Smart Jig Makes a Stack of Sanding Blocks
I encounter lots of odd smoothing, trimming, and chamfering tasks that are a challenge for a block plane or a chisel. Also, I don’t like to slow down to sharpen hand tools. In these situations most folks use sandpaper wrapped around a block, but I don’t like the way the sandpaper ripples and tears when used this way. That led me to develop a better sanding block. The paper is glued on, which keeps it flat and rigid for very accurate use. Also, the blocks have square, smooth edges so I can sand inside corners without damaging the adjacent surface. I make these blocks in several grits, from 80 to 220.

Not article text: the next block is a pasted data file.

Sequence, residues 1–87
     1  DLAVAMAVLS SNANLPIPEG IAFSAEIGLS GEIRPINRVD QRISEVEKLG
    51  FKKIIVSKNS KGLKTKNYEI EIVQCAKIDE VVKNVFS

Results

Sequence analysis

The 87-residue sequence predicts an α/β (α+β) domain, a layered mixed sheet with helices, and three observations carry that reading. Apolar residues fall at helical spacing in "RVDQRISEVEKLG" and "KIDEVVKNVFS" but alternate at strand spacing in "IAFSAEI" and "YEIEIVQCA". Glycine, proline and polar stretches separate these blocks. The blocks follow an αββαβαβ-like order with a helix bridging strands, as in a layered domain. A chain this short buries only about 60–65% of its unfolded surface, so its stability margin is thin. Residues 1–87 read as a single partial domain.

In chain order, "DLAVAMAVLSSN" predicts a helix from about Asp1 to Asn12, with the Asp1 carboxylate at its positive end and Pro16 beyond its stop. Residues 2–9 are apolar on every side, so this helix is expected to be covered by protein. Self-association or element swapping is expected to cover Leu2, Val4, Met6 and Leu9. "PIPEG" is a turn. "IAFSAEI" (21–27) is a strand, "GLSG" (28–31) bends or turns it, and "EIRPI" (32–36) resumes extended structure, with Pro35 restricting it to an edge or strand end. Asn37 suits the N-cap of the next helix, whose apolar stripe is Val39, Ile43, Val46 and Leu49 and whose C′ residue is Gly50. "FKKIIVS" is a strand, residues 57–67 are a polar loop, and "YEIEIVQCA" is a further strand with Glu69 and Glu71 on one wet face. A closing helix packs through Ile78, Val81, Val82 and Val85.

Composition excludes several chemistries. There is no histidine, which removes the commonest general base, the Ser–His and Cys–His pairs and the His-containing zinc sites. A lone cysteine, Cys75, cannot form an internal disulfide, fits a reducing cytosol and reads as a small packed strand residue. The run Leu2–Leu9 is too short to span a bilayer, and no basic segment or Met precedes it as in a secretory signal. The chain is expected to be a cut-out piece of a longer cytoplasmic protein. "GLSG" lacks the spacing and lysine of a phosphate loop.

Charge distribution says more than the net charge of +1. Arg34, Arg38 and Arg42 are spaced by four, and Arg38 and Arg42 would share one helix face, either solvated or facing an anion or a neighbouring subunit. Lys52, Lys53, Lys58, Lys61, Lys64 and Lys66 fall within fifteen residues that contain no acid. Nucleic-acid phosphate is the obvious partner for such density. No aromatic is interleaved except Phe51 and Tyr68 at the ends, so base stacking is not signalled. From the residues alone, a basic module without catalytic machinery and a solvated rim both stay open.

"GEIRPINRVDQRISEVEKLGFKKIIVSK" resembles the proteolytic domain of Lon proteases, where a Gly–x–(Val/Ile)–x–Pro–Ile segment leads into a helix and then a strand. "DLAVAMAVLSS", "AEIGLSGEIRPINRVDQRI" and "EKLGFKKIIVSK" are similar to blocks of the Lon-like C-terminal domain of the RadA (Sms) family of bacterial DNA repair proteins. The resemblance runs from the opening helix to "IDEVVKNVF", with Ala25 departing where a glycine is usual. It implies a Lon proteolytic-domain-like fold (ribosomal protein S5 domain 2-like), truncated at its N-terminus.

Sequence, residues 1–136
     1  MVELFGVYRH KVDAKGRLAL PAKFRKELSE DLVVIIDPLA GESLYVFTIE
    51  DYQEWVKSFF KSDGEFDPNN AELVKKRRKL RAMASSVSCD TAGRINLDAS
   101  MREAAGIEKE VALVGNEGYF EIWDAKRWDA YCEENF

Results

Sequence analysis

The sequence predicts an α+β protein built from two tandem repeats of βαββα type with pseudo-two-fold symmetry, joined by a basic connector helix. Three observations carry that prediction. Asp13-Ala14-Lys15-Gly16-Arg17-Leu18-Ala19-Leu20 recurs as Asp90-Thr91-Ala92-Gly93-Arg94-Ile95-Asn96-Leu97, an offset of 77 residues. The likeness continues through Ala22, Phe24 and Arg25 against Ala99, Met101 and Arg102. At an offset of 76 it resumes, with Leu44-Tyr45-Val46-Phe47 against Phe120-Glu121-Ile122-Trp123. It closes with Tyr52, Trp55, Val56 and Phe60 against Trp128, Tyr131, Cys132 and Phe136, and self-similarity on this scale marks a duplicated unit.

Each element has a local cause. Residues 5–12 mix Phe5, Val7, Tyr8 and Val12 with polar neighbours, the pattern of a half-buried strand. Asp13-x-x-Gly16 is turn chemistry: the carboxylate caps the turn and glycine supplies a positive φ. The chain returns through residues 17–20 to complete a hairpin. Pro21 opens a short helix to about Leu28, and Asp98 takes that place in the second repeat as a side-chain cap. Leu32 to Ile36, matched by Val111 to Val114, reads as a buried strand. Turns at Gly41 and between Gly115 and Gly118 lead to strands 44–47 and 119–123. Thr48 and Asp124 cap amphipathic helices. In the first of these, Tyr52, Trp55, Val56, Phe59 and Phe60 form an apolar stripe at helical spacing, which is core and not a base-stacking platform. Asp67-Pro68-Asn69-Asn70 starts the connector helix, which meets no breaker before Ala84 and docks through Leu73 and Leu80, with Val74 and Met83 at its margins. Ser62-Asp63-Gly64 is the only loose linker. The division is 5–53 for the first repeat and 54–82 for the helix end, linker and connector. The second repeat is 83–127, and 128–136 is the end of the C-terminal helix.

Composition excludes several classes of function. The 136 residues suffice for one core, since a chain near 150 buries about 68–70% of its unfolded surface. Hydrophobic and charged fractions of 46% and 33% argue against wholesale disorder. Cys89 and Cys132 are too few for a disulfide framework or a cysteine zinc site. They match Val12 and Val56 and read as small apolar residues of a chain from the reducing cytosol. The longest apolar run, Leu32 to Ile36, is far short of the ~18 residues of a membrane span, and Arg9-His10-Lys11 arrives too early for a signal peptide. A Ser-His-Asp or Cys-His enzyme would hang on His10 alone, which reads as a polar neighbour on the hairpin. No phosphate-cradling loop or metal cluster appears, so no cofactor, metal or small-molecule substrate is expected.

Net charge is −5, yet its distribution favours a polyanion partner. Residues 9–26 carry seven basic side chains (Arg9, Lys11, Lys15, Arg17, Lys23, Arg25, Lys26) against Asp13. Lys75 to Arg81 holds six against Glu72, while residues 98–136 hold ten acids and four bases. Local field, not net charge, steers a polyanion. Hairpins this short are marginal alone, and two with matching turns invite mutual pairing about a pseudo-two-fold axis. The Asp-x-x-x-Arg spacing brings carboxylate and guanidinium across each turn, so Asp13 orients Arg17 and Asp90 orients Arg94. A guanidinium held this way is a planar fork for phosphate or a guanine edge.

I use the blocks for sanding inside edges, smoothing surfaces too small for a block plane, making small chamfers on the inside edges of boxes and frames, sanding edges with difficult grain, cleaning up tenon cheeks, and even leveling and smoothing exotic inlays.
You need stacks of these blocks, because they must be discarded when dull. So I developed a simple jig that produces eight blocks at a time, perfectly sized to use one sheet of regular 9×11 sandpaper. After the glue cures, remove the blocks from the jig and cut them apart from the back, using a razor knife.
Michael Fortune, Warsaw, None